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Daily Herald: Pleasant Grove Nonprofit Creates Animated Series on Suicide Prevention

By Sarah Harris | August 20, 2021

Greg and Julie Cook have seen firsthand the devastation youth suicide causes families.

“We have five children and each one has either had a friend or classmate die by suicide or attempt suicide,” Julie Cook said. “As parents, it is heartbreaking to see this continue and know that it is an epidemic and happening everywhere. Each day, 500 children attempt suicide in the United States and 20 children die.”

The co-founders of the Cook Center for Human Connection felt the need to devote their time and effort to this issue, which has become the leading cause of death for Utahns ages 10-24, according to the center’s president and CEO Anne Brown.

“Suicide is preventable, so they sought to address this issue through social change, reaching young people where they are and in a way that engages them and starts a conversation,” Brown said.

The Pleasant Grove nonprofit has teamed up with Wonder Media to create “My Life is Worth Living,” the first animated series about suicide prevention, according to its website.

A self-portrait of Dante, one of five main characters in the new animated series “My Life is Worth Living,” created by Wonder Media and Pleasant Grove nonprofit the Cook Center for Human Connection. (Courtesy)

“We are very proud to bring stories of teens who are dealing with suicidal thoughts to life through animation and share them with the world,” Brown said. “We want kids to know that these stories are worth sharing and their lives are worth living.”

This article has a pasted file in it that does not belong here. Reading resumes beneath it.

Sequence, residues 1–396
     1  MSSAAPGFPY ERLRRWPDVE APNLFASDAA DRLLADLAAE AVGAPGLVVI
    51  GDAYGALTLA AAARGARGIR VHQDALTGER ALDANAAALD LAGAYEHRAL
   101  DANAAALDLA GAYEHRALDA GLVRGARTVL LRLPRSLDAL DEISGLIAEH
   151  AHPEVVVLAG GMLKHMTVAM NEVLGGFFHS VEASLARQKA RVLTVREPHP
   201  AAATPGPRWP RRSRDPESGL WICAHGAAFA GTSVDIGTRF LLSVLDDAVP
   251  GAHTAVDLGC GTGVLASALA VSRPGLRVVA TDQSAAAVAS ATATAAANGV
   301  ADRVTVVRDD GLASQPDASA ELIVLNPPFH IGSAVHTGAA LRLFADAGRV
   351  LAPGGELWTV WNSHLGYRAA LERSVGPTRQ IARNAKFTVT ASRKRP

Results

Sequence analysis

Brown is an executive producer of the series along with Wonder Media CEO Terry Thoren, former CEO of Klasky Csupo Inc., a company that worked on the first 65 episodes of “The Simpsons” as well as “Rugrats” and “Wild Thornberrys.”

“Through the animated stories, teens learn that it’s OK to get help and how to get help,” Brown said. “These are stories of hope kids can see themselves in.”

The 20-episode series follows five characters experiencing risk factors of suicide including mental disorder and depression, bullying and substance abuse, trauma, abuse and homelessness, family pressure and antagonism due to an LGBTQ+ orientation.

“These stories represent some of the most common issues kids face that make them feel so hopeless they might consider suicide,” Brown said. “They can show kids they are not the only ones to face these issues and they don’t have to face them alone.”

The first two episodes went live this week on YouTube. A new episode is set to be released each week through the end of the year.

“Our goal for this series is to help kids identify that they are not alone in their struggles and that they may find help and support in unexpected places,” said Greg Cook. “We also want to destigmatize conversations about suicide and provide a safe space to talk about their fears and concerns.”

Suicide prevention takes everyone getting involved, according to Cook.

“The more conversations about suicide we can help jumpstart, the more lives we can save,” he said.

Julie Cook said the Cook Center for Human Connection is committed to providing resources that involve everyone from family and friends to teachers and neighbors in the fight against suicide.

“Our series shows the struggles of the children, but also how someone should respond and support someone who is struggling,” she said.

Suicide prevention is important not only for Utah but also the country and the world, according Julie Cook.

“Such talent is lost when anyone takes their life,” she said. “So many people are affected when one person dies by or attempts suicide. Our hope is to save lives and stop this senseless loss.”

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